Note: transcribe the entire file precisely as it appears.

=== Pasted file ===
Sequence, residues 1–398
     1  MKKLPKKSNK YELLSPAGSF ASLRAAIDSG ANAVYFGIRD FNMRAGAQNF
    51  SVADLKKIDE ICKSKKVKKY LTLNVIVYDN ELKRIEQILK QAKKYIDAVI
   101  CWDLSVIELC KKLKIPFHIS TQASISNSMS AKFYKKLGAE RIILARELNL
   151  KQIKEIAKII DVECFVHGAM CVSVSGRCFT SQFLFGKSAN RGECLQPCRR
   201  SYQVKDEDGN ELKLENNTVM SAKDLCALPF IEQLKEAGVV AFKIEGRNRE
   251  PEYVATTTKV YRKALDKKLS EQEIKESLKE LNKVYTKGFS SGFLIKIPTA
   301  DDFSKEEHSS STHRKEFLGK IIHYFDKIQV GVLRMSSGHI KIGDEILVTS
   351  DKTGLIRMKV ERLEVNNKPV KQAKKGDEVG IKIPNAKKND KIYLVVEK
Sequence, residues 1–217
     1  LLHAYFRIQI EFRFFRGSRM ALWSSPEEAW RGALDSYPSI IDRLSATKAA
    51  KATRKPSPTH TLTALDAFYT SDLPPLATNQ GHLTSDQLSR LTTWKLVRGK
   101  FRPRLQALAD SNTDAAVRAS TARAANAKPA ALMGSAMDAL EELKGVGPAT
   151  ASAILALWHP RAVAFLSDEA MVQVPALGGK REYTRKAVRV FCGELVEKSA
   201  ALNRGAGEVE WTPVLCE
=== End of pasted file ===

Sequence, residues 1–398
     1  MKKLPKKSNK YELLSPAGSF ASLRAAIDSG ANAVYFGIRD FNMRAGAQNF
    51  SVADLKKIDE ICKSKKVKKY LTLNVIVYDN ELKRIEQILK QAKKYIDAVI
   101  CWDLSVIELC KKLKIPFHIS TQASISNSMS AKFYKKLGAE RIILARELNL
   151  KQIKEIAKII DVECFVHGAM CVSVSGRCFT SQFLFGKSAN RGECLQPCRR
   201  SYQVKDEDGN ELKLENNTVM SAKDLCALPF IEQLKEAGVV AFKIEGRNRE
   251  PEYVATTTKV YRKALDKKLS EQEIKESLKE LNKVYTKGFS SGFLIKIPTA
   301  DDFSKEEHSS STHRKEFLGK IIHYFDKIQV GVLRMSSGHI KIGDEILVTS
   351  DKTGLIRMKV ERLEVNNKPV KQAKKGDEVG IKIPNAKKND KIYLVVEK
Sequence, residues 1–217
     1  LLHAYFRIQI EFRFFRGSRM ALWSSPEEAW RGALDSYPSI IDRLSATKAA
    51  KATRKPSPTH TLTALDAFYT SDLPPLATNQ GHLTSDQLSR LTTWKLVRGK
   101  FRPRLQALAD SNTDAAVRAS TARAANAKPA ALMGSAMDAL EELKGVGPAT
   151  ASAILALWHP RAVAFLSDEA MVQVPALGGK REYTRKAVRV FCGELVEKSA
   201  ALNRGAGEVE WTPVLCE